In the long run, Rawls fears that with the spread of the satellite constellations, future companies could launch them without any attempt to compromise with astronomers. “It creates a lot of systematic errors … It becomes kind of a mess,” he says.

SpaceX hopes to finally be able to put 12,000 Starlink satellites in the sky and last year asked for permission to install another 30,000. With these plans – as well as Amazon’s Kuiper Project targeting 3,236 satellites and OneWeb, a now bankrupt company recently acquired by the UK government, possibly targeting 2,000 – the scale of the astronomy satellite constellation problem will only do that. to increase.

While DarkSat’s tested dimming techniques are far from a sufficient solution, SpaceX has continued to develop other ways to further reduce the spacecraft’s brightness. The company’s second attempt at making a darkened satellite, VisorSat, uses a black parasol to reduce light reflection. The first spacecraft with this project was launched on June 3. Astronomers hope to observe VisorSat and compare it to DarkSat once the observatories reopen, following the closure of Covid-19.

Even before detailed observations have been made on VisorSat, SpaceX appears to have doubled down on the new model. All satellites in the two Starlink lots launched in mid-June and early August were VisorSats, each with their own umbrella.

Astronomers are still unsure if dimming methods like DarkSat and VisorSat are the solution. Of the 10 recommendations in the SATCON1 report, only one asks satellite operators to use blackout techniques. The others suggest deploying satellites in orbits less than 600 kilometers to minimize their night glow, checking their orientations in space to reflect less sunlight, developing ways to remove their tracks from astronomical observations, and making their information available. orbital so that astronomers can point telescopes away from them.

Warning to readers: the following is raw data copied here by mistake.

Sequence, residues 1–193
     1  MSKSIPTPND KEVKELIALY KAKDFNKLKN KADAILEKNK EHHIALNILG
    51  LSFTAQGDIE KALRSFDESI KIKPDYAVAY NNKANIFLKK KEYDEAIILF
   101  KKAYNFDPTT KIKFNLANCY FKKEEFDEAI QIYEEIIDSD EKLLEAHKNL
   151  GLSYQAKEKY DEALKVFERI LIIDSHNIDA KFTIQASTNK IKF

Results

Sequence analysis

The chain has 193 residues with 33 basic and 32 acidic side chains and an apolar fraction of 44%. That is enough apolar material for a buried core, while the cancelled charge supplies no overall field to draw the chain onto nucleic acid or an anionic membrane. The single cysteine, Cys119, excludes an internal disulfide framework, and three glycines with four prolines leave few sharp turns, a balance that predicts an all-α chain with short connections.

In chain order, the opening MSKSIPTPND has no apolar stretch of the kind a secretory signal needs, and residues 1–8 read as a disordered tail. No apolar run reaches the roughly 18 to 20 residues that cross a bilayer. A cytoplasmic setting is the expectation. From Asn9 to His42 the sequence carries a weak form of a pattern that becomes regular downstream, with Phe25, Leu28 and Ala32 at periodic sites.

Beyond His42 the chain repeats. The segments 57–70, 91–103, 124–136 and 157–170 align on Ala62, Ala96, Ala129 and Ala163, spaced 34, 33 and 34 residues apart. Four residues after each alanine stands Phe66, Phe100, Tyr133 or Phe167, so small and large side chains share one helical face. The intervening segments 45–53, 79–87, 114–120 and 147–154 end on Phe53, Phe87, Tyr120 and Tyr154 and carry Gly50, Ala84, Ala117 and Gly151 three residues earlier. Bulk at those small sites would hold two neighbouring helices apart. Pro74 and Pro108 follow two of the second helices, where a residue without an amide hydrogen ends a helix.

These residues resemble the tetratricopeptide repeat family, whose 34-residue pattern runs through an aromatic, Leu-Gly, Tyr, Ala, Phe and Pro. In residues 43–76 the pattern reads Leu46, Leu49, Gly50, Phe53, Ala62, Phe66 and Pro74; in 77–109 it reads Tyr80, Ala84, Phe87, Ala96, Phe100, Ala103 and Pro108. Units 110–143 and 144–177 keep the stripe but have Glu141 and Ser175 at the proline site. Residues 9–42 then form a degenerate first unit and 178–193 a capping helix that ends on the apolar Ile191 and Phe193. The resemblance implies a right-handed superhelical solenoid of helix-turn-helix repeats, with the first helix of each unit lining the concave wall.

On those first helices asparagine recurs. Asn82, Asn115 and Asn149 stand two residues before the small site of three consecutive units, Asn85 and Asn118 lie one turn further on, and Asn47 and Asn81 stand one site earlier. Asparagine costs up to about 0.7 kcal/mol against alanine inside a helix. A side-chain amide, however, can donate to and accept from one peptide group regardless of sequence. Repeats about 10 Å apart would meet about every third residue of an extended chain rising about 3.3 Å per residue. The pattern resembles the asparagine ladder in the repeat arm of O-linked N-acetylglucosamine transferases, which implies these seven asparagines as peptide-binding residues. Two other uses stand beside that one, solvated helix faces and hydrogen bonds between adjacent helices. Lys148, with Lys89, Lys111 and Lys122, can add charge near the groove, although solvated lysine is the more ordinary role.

With a mix of approaches from this menu of options, hopefully, the problem can be handled. Even so, the advent of satellite mega-constellations may have made further degradation of the astronomical view of the night sky inevitable.

For now, Tregloan-Reed is comforted that SpaceX is taking the issues seriously. “The development of both DarkSat and the new VisorSat shows that Starlink appears to be dedicated to mitigating the impact” of its satellites on both astronomers and backyard astronomers, he says.

The spirit of collaboration at the SATCON1 seminar and the relationship building that followed is promising, according to Patrick McCarthy, director of NSF’s NOIRLab, which produced the report with AAS. “I hope the collegiality and spirit of collaboration between astronomers and commercial satellite operators will expand … and that it will continue to prove useful and productive,” he said in a statement in late August.

SATCON2, the next seminar bringing together astronomers and satellite constellation operators, is slated to start through mid-2021. It will be geared towards addressing policy and regulation. With the prospect that hundreds of satellites will be launched in the meantime, Rawls stresses the urgency and importance of the issue. “This will only speed up,” he says. “And it’s a long-term precedent. It’s a question of what kind of sky you want your grandchildren to have.”